What have Dame Elisabeth and Jane Austen got in common?

Dame Elisabeth Murdoch as a young woman and later, enjoying the simple pleasures
Dame Elisabeth Murdoch as a young woman and later, enjoying the simple pleasures.

Sometimes the modern dilemma may be that we cannot see outside ourselves and our own worries. Naturally our worries can take up an inordinate amount of time. Just this week I listened to a woman say that it is impossible to be focused on oneself if you think about others; when you are actively helping another, your own concerns seem to drift away. Is this why our very special Dame Elisabeth Murdoch, who passed away peacefully in her sleep this week, was so happy? Sure she had a fortunate life, but she chose to use her talents and her wealth to help others. She could have been jetsetting around the world partying with the hoi polloi  but instead she dedicated her life to others and lived a quiet domestic country-style life that reminded me of the values that I have so enjoyed in the Austen Six. Did you hear the story that her cleaner, Queenie, was finding it hard to manage her duties for Dame Elisabeth? So Dame Elisabeth got Queenie to move in to Cruden Farm. No doubt Dame Elisabeth employed another cleaner but I imagine these two older women muddling along together, having a laugh and enjoying each other’s company. Dame Elisabeth can not have been a snob! And so the post for this week speaks of these sorts of values that permeate the Austen Six; values that espouse philanthropy and learning to help others.

In Mansfield Park, Nauseating-Nice-Fanny knew that she had to reason herself out of loving her cousin Edmund. He obviously was attached elsewhere. It just wasn’t going to happen. To get over such a loss, she knew she had to use several strategies. One of them was to concentrate on others. Supportive-Sister-Susan became a priority to her while she was in Portsmouth. Instead of wallowing on the injustices of a family not at all sensitive to her own needs or her adopted family trying to blackmail her into marrying someone she didn’t care about, she simply concentrated on helping those around her.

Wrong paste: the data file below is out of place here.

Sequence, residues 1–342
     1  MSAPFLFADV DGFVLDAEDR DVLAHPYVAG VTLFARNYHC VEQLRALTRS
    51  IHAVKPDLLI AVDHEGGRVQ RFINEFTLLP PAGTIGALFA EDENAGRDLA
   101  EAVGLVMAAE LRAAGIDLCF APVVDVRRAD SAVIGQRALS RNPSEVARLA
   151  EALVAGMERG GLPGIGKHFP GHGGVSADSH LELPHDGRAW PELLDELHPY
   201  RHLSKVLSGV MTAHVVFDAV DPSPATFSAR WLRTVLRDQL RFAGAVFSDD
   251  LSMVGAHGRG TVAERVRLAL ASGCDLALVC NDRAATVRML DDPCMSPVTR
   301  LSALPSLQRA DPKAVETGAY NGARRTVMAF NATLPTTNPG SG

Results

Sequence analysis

Interestingly also in Mansfield Park, it is when Serial-Seducer-Henry Crawford starts telling Fanny of his good deeds that he becomes most attractive to her. Initially it was in getting her brother the position of lieutenant but was added to when he told her of doing his duties to his tenants on his estate. He was aiming to impress Fanny and impress her he did. “To be the friend of the poor and the oppressed!” This had raised him in her eyes. Not only did it help him to concentrate on someone else besides himself,  it suggests that helping others is sexy.

Tom, the indulged elder brother also in Mansfield Park, has led a life of thoughtlessness and selfishness. I’m sure much of it had its pleasures but paradoxically it didn’t bring happiness. However, Binge-Drinker-Tom Bertram finds happiness when he learns to live for more than himself. “He had suffered, and he had learnt to think, two advantages that he had never known before”. Instead of continuing on the path of just satisfying himself, he “became what he ought to be, useful to his father, steady and quiet, and not living merely for himself.” And in doing this he became happier.